Articles published in Logical Reasoning

Logical Reasoning And Rick Santorum


Rick Santorum

Rick Santorum sure has made some controversial remarks lately. But are they logically sound? Regardless of your political leaning, it pays to know how to evaluate the pieces and soundness of an argument. For this week’s post, I’ve plucked a few Santorum gems to help you review logical reasoning strategy. Can you identify the question types, below? Better yet, can you answer them? Answers after the jump! Read more

One of the Hardest LSAT Questions – @!#$%@# Dioxin!


Like snowflakes of intellectual pain, the hardest LSAT question is different for each and every one of us – it’s up to us to look into our hearts and find the question that is burning a hole through an artery. For me, that was PT45, S1, Q12 – the dioxin question. Oh how we fought, oh how we struggled!

Let me walk you through our relationship.

The conclusion of the argument is that, as opposed to what most people are thinking, dioxin released from a mill does NOT cause fish to have abnormal hormone levels. Why? Two premises are given to support this – and here’s where we had our first fight L: dioxin decomposes quite slowly and when the mill shuts down, the fishy hormone levels quickly return to normal.

At this point, me and question 12 were still on speaking terms, but when I looked at her answer choices, oh the pain! The correct answer – the one that most weakens the argument – states that dioxin actually is washed away pretty quickly from the mill area. Sounds painless enough – until you think about it! How does that weaken that argument? I was lost. Read more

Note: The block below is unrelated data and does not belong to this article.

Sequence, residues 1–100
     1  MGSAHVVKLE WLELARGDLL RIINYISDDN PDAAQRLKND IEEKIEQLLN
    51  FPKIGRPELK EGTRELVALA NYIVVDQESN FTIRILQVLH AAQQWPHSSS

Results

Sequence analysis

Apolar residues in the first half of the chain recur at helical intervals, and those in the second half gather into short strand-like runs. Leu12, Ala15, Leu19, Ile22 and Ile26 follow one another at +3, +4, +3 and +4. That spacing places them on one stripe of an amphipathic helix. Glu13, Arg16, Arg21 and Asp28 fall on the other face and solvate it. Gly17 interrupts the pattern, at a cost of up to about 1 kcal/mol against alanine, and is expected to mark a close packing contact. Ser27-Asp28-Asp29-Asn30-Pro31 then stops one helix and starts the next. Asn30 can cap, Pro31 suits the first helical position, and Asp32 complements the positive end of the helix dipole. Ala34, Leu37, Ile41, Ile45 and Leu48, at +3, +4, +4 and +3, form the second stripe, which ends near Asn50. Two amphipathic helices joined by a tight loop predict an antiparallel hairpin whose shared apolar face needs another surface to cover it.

LSAT Vocabulary



I just saw a good blog post listing vocabulary words that you should have under your belt for the LSAT.   Take a look and see if you really know all of them.  Thanks for the list, Steve!

LSAT Weaken Questions – Logical Reasoning


Weaken questions can operate in a few different ways. Let’s look at some examples.

Sep 09 Exam, Section 4, #2

Here’s the basic logic given in the argument:

You can always keep your hands warm by putting on extra layers of clothing (clothing that keeps the vital organs warm).

THUS, to keep your hands warm in the winter, you never need gloves or mittens.

This argument is a sound argument – no flaws or assumptions. If you have another option for keeping your hands warm, then you never truly need gloves or mittens.

In this case, the correct answer actually attacks the main premise. The correct answer says that sometimes (when it’s really really cold) putting extra layers of clothing on actually is not enough to keep your hands warm. Notice how this contradicts the premise. So, to weaken an argument you can attack a supporting premise.

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